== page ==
Orthopedics: Achilles Tendinitis

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Achilles tendinitis is pain felt in the region of the heel at the back of the foot. Pain can often be felt either at the region of the heel or anywhere up the tendon itself. In helping deal with Achilles tendonitis problems, physicians want to decrease inflammation and reduce tension on the calf muscles.

The most common way to treat an Achilles tendon injury is with non-surgical methods, including the RICE method (rest, ice, compression, and elevation) and anti-inflammatories. Your sports medicine physician or orthopedic surgeon may recommend a cast, which holds your foot in a toes-down position and allows the Achilles tendon to heal. Your healthcare provider may recommend that you see a physiotherapist, as you’ll benefit from stretching, doing self-massage or rolling on a ball.

Surgery for Achilles Tendon Injuries

Ambulatory care procedures (also known as minor procedures) are operations that are done under local anaesthesia only, are less than 20 minutes duration, do not require preoperative fasting, and although we recommend that someone drive you home, this is not mandatory. The post operative course for the most common procedures will be presented

If you do require surgery following an Achilles tendon injury, it involves stitching and one end of the tendon onto the other so that it heals at the correct length. It’s very important that the tendons are at the right length so that the muscles that fire around those tendons can work properly. If most of the Achilles tendon is damaged, the surgeon can use the tendon that goes to the big toe to support the tendon.

Tendon operations are often difficult to do, and they often lead to problems with wound healing. There are a number of techniques being developed to reduce the amount of skin incision that’s required to repair the tendon. You will need to wear a cast or walking boot for 6 to 12 weeks after surgery. People often undergo Achilles tendon surgery if their doctor feels that surgical options are better than non, or if non-surgical options don't work.

Main operating room procedures

If you have been scheduled for a procedure in the main operating room, then likely you will have been asked to be fasting from the night before, and to have someone drive you home and be with you for the first 24 hours after surgery. Many procedures are performed after just freezing your arm. If requested, intravenous sedation will be administered so that you may even fall asleep during the procedure. A variety of narcotics are usually prescribed after surgery. Pain management usually starts with maximizing on non narcotics options. This usually starts with 1000mg of Tylenol along with 400mg of Ibuprofen (Advil) every 6 hours. If you are taking another anti-inflammatory (Aspirin, Naprosyn, Voltaren etc), then do not take Ibuprofen. A narcotic analgesic will likely have been prescribed. The most common is Tylenol #3. This medication contains a narcotic (codeine) along with Tylenol. If taking Tylenol #3, then do not take additional Tylenol, but please continue with the Advil. If only taking one tablet of Tylenol #3, then supplement with additional Tylenol up to a maximum of 1000mg every 6 hours. Other narcotics may not contain Tylenol (like oxycodone and hydromorphone), and you should be taking a full dose of Tylenol (1000mg) every 6 hours along with the Advil. Discontinue the narcotics as soon as you can.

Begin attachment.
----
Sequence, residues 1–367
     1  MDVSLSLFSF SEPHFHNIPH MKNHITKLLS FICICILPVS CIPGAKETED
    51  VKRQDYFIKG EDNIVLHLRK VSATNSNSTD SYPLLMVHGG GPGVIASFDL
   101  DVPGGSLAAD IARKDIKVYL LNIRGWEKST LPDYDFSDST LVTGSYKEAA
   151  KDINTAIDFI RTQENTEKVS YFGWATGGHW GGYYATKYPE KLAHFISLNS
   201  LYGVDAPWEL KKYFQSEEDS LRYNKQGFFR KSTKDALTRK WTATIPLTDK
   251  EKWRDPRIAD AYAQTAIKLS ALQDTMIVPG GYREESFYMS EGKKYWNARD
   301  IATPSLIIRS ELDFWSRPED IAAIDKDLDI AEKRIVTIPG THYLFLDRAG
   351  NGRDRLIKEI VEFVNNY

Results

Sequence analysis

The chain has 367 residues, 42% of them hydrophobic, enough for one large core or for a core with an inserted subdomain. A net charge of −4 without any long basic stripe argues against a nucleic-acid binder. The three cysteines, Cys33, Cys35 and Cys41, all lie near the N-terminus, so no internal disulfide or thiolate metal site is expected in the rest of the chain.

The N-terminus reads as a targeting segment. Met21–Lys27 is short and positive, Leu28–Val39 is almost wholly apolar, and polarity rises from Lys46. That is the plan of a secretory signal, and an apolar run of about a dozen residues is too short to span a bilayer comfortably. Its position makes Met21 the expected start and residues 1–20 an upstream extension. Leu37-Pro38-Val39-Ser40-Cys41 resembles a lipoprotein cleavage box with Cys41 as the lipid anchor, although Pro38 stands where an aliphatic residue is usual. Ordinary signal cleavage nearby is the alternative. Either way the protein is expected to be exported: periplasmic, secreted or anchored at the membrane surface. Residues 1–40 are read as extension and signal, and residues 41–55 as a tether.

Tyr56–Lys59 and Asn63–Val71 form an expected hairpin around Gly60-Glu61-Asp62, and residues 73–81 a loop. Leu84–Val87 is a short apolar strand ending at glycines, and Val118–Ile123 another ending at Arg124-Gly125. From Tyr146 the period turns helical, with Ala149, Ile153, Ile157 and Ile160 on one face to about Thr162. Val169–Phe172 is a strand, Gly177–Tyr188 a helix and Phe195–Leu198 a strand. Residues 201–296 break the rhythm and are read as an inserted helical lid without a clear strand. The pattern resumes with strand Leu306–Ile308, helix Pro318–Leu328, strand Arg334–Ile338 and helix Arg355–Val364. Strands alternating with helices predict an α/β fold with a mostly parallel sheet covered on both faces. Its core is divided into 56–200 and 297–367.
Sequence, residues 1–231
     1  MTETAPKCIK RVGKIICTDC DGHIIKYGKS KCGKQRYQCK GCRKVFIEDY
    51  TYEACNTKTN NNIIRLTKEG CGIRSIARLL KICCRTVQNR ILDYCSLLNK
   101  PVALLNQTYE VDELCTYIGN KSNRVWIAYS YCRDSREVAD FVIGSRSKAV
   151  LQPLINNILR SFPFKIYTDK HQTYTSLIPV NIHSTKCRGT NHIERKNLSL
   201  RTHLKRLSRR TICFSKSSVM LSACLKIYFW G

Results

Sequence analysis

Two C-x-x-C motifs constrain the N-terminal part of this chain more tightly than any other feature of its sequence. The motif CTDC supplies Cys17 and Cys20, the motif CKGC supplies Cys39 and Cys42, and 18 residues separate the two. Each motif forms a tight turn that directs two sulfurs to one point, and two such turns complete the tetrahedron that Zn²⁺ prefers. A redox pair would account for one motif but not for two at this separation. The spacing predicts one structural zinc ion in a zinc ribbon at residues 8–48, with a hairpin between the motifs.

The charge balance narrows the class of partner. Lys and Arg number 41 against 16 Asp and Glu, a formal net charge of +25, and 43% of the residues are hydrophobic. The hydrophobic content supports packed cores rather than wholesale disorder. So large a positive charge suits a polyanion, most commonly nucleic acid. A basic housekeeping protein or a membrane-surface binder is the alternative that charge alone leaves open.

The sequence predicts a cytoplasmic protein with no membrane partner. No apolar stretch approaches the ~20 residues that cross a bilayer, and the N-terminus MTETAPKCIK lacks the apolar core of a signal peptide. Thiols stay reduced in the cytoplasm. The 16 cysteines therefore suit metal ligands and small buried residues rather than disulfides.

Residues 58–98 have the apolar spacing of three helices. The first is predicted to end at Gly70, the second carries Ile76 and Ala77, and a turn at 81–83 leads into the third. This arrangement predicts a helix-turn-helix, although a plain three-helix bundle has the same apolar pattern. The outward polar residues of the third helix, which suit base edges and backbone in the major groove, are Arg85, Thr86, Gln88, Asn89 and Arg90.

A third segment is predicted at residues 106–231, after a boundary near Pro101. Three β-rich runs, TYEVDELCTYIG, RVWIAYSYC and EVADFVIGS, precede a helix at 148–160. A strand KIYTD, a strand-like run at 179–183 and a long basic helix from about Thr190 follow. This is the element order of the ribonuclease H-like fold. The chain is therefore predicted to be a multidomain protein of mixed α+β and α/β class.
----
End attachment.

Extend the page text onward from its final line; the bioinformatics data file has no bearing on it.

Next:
Some procedures require immobilization after completion. If you do not have a splint or cast after your surgery, you will be asked to keep your dressing on for 48 hours, followed by light bathing and washing of the wound. Do not soak your wound until after your suture have been removed. If your hand has not been immobilized, it is very important to move your fingers from fully straight to fully bent as frequently as possible.

Talk to your healthcare provider if you'd like more information on Achilles tendinitis.

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Print this Action Plan and check off items that you want to discuss with your healthcare provider

  •  

    The most common way to treat an Achilles tendon injury is with non-surgical methods, including the RICE protocol (rest, ice, compression and elevation) and anti-inflammatories. Your sports medicine physician or orthopedic surgeon may recommend a cast, which holds your foot in a toes-down position and allows the Achilles tendon to heal.

  •  

    Your healthcare provider may recommend that you see a physiotherapist, as you’ll benefit from stretching, doing self-massage or rolling on a ball.

  •  

    If you do require surgery following an Achilles tendon injury, it involves stitching and one end of the tendon onto the other so that it heals at the correct length. It’s very important that the tendons are at the right length so that the muscles that fire around those tendons can work properly.

  •  

    Tendon operations are often difficult to do, and they often lead to problems with wound healing. There are a number of techniques being developed to reduce the amount of skin incision that’s required to repair the tendon.

  •  

    You will need to wear a cast or walking boot for 6 to 12 weeks after surgery.

Adherence:
Adhering to your medications, prescribed exercises or lifestyle changes (such as dietary changes, smoking cessation, reduced alcohol consumption, etc.) is essential to improving health outcomes successfully. Compliance to any prescribed treatment is the number one thing you can do to ensure positive changes and optimal treatment outcomes.

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